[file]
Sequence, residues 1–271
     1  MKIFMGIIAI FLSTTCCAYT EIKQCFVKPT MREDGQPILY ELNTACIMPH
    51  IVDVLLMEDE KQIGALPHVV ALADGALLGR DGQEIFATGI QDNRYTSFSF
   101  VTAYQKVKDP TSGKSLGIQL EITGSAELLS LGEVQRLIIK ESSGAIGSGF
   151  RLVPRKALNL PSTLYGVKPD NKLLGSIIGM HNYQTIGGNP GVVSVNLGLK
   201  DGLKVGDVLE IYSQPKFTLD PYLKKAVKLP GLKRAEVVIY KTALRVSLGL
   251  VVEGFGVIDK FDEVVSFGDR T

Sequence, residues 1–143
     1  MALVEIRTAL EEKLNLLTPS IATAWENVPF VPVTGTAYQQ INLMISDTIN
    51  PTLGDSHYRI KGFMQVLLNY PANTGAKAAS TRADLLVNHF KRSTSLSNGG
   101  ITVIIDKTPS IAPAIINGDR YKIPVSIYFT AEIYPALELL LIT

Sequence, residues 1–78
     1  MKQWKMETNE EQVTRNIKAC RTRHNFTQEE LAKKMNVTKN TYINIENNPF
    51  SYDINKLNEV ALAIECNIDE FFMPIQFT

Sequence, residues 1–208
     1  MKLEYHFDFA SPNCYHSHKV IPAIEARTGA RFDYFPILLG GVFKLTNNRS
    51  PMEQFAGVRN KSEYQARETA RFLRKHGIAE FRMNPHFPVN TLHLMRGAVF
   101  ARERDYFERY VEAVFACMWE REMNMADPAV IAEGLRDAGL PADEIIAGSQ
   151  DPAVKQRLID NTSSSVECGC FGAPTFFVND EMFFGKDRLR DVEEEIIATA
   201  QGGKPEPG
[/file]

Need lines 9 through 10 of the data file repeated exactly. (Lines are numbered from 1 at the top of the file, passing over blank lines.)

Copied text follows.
     1  MALVEIRTAL EEKLNLLTPS IATAWENVPF VPVTGTAYQQ INLMISDTIN
    51  PTLGDSHYRI KGFMQVLLNY PANTGAKAAS TRADLLVNHF KRSTSLSNGG